Build a family tree and family relationships at the same time– genealogy is a project the entire family can work on and contribute their findings. You can start an email or snail-mail newsletter to share experiences and information with family members. Family reunions are also a time when the whole family can get together, share stories about forefathers and foremothers and work on genealogy.
7. Subscribe to a Genealogy Newsletter
Many online genealogy websites offer a newsletter. Newsletters offer great tips on how to locate those hard-to-find ancestors. Newsletters will often explain how to use different databases or tools and let you know when new databases become available. It's also great to hear motivational and inspiring success stories of others, or share one of your own.
8. Create a hard copy of the Genealogy Information
In today's world of technology, we tend to want to digitize everything, but there are some good reasons to create hardcopy information to go along with your digital data.
Primarily, you're going to come across a lot of hard copy information as you do your research. Remember computers have only been used to store information for a quarter century. You will likely come across old documents, journals, records and photographs.
Making a scrapbook of your findings is a great way to present your research to others. Looking at a computer screen with scanned documents just isn't the same as flipping through a book. It really helps some people to create a giant pedigree chart or family tree in their office or den so they can visualize the entire puzzle at one time.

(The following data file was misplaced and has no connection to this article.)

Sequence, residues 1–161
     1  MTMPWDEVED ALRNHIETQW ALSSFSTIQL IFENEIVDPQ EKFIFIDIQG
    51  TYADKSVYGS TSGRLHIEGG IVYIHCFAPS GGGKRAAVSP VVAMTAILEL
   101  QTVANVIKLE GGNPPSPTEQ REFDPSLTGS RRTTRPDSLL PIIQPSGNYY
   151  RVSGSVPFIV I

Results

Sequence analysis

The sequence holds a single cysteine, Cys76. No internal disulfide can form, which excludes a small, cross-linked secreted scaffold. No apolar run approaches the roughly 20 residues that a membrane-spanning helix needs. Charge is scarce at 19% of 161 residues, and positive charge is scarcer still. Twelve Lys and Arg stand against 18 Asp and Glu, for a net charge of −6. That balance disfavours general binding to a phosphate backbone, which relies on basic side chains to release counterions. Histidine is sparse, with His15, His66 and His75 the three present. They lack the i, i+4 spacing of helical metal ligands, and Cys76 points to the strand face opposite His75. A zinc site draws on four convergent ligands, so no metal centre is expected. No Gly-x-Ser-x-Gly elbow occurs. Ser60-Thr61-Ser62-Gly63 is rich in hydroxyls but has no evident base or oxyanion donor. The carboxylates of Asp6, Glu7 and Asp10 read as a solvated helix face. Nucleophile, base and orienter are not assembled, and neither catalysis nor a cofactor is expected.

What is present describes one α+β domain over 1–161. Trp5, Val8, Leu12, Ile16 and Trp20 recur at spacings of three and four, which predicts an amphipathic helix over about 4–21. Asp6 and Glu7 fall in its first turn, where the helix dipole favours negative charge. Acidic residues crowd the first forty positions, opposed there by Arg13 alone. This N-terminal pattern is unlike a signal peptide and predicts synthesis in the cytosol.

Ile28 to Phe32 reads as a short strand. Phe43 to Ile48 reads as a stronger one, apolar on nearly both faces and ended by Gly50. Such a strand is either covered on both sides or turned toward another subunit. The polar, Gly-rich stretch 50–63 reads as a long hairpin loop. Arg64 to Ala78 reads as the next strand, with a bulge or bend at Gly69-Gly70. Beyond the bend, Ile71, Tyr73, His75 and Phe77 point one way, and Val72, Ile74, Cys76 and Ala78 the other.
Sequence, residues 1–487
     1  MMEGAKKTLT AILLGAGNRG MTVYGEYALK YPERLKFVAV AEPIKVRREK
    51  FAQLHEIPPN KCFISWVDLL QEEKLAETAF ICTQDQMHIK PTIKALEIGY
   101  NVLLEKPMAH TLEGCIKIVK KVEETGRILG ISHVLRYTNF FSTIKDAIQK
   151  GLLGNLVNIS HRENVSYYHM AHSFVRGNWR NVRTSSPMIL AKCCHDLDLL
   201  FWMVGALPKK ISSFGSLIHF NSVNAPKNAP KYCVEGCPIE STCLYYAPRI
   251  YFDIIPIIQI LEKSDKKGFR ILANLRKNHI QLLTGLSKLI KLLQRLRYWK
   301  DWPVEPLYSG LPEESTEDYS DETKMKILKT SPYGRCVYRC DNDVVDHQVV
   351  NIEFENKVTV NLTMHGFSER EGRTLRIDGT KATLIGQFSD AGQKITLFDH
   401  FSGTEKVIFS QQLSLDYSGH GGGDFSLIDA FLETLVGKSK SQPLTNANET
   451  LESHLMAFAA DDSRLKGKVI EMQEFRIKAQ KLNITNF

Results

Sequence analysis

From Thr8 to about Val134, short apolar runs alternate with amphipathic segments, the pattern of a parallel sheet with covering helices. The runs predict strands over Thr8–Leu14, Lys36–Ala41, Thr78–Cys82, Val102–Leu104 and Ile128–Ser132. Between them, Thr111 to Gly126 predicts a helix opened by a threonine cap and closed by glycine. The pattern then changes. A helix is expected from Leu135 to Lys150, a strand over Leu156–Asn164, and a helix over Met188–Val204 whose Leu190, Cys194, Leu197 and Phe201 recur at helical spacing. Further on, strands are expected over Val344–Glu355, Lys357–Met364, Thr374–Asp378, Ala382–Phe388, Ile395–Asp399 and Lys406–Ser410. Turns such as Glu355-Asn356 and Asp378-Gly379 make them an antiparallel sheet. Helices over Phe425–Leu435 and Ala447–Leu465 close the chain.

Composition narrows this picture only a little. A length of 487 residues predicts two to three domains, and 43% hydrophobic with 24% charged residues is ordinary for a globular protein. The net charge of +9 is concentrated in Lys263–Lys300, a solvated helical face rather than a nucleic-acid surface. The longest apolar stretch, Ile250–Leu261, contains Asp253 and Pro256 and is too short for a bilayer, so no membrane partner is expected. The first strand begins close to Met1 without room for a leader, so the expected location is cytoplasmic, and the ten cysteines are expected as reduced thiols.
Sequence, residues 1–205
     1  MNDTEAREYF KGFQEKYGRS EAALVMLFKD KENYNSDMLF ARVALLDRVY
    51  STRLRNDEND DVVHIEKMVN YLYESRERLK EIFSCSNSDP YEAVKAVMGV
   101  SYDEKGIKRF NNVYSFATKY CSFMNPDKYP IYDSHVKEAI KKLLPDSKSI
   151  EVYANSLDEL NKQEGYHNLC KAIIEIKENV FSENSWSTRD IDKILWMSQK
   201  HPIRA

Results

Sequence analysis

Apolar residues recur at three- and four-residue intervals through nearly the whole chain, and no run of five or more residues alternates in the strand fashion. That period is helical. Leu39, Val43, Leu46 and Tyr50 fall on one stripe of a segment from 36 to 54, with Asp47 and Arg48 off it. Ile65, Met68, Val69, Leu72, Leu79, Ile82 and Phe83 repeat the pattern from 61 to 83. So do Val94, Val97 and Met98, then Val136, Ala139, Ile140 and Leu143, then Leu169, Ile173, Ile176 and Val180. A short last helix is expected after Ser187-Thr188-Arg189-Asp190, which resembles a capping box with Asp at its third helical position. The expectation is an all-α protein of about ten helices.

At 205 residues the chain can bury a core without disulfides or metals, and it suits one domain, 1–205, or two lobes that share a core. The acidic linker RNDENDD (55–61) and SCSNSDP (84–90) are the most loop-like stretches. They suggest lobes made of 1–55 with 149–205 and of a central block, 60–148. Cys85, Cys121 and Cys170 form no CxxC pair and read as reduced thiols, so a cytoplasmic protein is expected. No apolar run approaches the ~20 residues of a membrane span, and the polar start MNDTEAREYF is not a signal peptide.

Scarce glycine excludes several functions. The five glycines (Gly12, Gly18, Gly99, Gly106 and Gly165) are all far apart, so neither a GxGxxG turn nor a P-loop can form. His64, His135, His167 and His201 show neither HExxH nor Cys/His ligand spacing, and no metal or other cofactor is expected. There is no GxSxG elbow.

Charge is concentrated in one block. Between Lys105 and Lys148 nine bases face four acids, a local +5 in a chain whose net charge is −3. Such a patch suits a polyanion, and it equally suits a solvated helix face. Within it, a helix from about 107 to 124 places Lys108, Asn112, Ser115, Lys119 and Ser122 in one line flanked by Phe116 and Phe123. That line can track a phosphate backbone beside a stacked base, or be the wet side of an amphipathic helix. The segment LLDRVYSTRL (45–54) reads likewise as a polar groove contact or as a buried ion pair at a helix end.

Binders are a good way to store information. As your library increases, develop a binder system so information is organized and easy to find.
9. Backup Genealogy Data Often
Maybe you've heard horror stories, or have one of your own that ends with the words, “and that's when I lost everything.” The importance of backing up computer data cannot be stressed enough. Today's backup software makes protecting and storing your valuable data more convenient than ever. There are a number of different programs to get the job done. Find the one that has the features you need, is user-friendly and in your price range.
There are also various ways of storing data. You can use 3.5-inch floppy disks, zip drives, CDs, DVDs, USB flash drives and external hard drives. Again, choose the one that suits you best. As you gather more information, you may want to invest in a safety deposit box or a fireproof safe to protect your family history.
10. Verify Genealogy Information Found on Web Sources
We like to think that everything found on the web is accurate and true. However, you should always verify any genealogy information found on the web, no matter where you found the information. The best way to verify information is to locate and research the source. Many databases include a list of sources but sometimes you'll come across one that doesn't. In this case, look at dates and the type of information and ask yourself what type of source would provide that information.
At some point in your research, you will encounter conflicting information–maybe different middle initials or birthdates. Carefully evaluate each source and try to find other sources with the same information to shed light on the inconsistencies.
Genealogy is an exciting and rewarding pastime that will link the generations and bring families together.